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VAS-COG: Lowering Angiotensin II May Raise Stroke Risk


SAN ANTONIO -- Drugs that lower angiotensin II may increase the risk of stroke, contrary to conventional wisdom, an investigator asserted here.

SAN ANTONIO, July 16 -- Drugs that lower angiotensin II may increase the risk of stroke, contrary to conventional wisdom, an investigator asserted here.

A review of 26 clinical trials involving 206,632 patients revealed a consistent pattern of benefit with drugs that increase levels of angiotensin II compared with those that reduce angiotensin II (P=0.003), Albert Fournier, M.D., reported at the International Society for Vascular Behavioral and Cognitive Disorders.

Dr. Fournier, of University Hospital in Amiens, France, and colleagues did separate analyses of placebo-controlled trials, comparisons against angiotensin II-neutral drugs, and direct comparisons of angiotensin II-raising and angiotensin II-lowering agents.

"Classical and graphical meta-analysis of the large clinical trials that evaluated antihypertensive drugs in primary and secondary stroke prevention support the hypothesis that angiotensin II-increasing drugs are better for stroke prevention than are angiotensin II-decreasing drugs," said Dr. Fournier.

"Although [angiotensin II-raising] drugs decrease systolic blood pressure to a greater extent than angiotensin II-decreasing drugs," he said, "this blood pressure difference does not fully explain the better stroke prevention."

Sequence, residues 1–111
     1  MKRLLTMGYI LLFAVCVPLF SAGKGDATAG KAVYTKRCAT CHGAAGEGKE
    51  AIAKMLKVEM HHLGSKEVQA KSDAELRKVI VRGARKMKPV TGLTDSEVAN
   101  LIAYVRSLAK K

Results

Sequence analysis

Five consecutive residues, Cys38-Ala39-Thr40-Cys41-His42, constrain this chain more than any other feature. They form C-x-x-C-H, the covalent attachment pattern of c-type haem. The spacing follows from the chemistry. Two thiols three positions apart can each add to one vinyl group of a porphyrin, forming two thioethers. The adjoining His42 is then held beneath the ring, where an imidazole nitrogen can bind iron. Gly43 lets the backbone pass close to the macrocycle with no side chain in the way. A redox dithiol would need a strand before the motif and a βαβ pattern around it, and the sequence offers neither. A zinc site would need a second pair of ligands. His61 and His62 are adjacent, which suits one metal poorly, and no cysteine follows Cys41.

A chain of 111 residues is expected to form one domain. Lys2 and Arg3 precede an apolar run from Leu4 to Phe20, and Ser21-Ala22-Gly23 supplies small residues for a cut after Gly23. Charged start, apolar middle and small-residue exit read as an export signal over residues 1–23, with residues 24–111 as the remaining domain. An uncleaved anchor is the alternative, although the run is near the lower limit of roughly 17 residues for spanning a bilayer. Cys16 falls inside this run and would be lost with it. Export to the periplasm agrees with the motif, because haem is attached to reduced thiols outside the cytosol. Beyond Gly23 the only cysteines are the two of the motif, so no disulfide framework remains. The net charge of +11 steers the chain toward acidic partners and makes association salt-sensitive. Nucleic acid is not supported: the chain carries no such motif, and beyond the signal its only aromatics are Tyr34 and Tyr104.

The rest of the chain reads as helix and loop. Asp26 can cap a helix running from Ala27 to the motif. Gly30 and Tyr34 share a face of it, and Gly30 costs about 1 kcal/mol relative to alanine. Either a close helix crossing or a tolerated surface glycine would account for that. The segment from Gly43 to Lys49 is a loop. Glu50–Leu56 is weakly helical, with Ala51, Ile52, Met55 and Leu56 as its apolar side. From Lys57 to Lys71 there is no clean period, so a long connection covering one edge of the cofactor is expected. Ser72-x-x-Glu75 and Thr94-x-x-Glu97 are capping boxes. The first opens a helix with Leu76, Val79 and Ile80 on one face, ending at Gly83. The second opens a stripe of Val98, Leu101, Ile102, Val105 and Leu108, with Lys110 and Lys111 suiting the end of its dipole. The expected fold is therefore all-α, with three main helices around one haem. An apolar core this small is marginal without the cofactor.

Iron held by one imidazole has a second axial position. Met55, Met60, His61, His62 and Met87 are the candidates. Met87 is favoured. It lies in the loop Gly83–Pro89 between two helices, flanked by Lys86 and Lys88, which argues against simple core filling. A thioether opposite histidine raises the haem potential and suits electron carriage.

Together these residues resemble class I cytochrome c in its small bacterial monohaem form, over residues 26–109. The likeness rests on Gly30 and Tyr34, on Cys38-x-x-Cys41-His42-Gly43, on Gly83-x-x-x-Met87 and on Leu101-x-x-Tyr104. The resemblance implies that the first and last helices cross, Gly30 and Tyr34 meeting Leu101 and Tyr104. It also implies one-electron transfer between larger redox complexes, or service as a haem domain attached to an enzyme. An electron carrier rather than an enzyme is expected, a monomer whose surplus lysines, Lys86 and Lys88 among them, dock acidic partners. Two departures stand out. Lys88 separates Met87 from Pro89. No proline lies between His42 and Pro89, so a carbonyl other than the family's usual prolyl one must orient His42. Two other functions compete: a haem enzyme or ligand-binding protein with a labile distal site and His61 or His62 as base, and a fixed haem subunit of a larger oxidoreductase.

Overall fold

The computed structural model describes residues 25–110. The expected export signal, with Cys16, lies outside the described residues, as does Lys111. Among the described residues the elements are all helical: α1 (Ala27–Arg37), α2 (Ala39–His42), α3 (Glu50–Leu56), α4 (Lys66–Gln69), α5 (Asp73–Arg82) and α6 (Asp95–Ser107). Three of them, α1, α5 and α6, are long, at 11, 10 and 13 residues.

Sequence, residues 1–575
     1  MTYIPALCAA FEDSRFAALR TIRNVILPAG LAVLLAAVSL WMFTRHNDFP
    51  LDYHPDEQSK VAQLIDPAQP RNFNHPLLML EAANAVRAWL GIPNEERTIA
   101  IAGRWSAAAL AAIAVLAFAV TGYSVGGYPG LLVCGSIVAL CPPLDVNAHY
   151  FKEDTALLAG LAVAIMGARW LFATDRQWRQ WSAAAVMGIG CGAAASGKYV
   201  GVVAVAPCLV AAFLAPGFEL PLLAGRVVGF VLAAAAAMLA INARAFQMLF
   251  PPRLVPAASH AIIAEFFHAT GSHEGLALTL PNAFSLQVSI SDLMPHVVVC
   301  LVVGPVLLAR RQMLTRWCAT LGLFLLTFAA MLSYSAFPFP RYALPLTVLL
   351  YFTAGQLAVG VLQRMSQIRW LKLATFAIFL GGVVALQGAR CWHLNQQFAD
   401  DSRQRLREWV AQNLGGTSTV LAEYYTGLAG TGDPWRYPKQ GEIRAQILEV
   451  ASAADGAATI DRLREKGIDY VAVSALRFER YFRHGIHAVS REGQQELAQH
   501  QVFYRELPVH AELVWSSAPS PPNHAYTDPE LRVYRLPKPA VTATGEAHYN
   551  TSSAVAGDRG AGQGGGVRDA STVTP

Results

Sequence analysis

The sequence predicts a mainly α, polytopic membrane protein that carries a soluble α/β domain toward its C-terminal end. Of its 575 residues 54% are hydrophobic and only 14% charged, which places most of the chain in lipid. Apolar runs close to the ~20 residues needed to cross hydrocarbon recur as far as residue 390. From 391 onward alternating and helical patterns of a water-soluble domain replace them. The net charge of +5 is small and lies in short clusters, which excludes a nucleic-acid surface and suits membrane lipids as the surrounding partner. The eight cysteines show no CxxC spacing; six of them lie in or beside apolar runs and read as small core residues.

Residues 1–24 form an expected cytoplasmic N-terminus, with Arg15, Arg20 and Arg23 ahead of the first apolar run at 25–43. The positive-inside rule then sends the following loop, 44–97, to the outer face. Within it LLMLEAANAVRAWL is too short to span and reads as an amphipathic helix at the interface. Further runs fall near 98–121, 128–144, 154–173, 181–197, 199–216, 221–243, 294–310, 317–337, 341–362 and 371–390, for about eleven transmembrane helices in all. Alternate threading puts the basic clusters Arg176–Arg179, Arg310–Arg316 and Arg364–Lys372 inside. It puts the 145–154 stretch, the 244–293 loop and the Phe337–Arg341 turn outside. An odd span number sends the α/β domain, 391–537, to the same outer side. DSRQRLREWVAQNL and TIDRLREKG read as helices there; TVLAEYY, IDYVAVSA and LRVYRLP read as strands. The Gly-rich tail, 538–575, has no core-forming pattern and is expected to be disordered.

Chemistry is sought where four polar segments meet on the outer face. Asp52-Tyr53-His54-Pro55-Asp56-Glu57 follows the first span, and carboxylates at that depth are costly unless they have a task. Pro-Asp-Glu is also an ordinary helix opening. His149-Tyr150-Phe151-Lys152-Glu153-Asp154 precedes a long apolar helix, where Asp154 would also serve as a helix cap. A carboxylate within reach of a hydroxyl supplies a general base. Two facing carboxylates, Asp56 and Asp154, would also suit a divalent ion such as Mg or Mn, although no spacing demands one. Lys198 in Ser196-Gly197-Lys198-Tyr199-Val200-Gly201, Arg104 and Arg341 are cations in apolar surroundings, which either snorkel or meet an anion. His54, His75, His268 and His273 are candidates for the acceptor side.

An abundance of data from experimental models of stroke suggests a protective effect from activation of receptors for angiotensin II and angiotensin IV, said Dr. Fournier. However, the hypothesis that angiotensin activation is cerebroprotective has not been specifically evaluated in clinical trials.

For the current analysis investigators grouped studies according to medications' effect on angiotensin II:

  • Drugs that increase angiotensin II: diuretics, dihydropyridine calcium-channel blockers, short-acting non-dihydropyridine calcium channel blockers, and angiotensin Ireceptor blockers
  • Drugs that decrease angiotensin II: beta-blockers, ACE inhibitors, and long-acting dihydropyridine calcium channel blockers
  • Angiotensin-neutral drugs: alpha-blockers and the combination of a thiazide diuretic and a beta-blocker

The 26 trials excluded patients with heart failure, and a cumulative total of 7,108 strokes were reported in the studies.

Placebo-controlled trials demonstrated an overall hazard ratio for stroke of 0.67 for drugs that increase angiotensin II versus 0.87 for drugs that lower angiotensin II drugs.

In trials that involved active comparators with angiotensin II-neutral effects, drugs that decrease angiotensin II levels had a cumulative relative risk for stroke of 1.04. In contrast, angiotensin II-lowering drugs had a relative risk of 0.84 compared with the neutral agents.

Finally, in direct clinical comparisons, drugs that lower angiotensin II had a relative risk for stroke of 1.17 compared with drugs that increase angiotensin II levels.

Only one trial (a comparison of a beta-blocker and a thiazide diuretic) showed a stroke advantage for drugs that lower angiotensin II.

The remaining eight studies demonstrated a relative risk of 1.03 to 2.28 for drugs that decrease levels of angiotensin II.

The difference in stroke risk in clinical trials that compared angiotensin II-raising and angiotensin II-lowering drugs was statistically significant (P=0.003). A test for heterogeneity among the studies was not significant (P<0.07).

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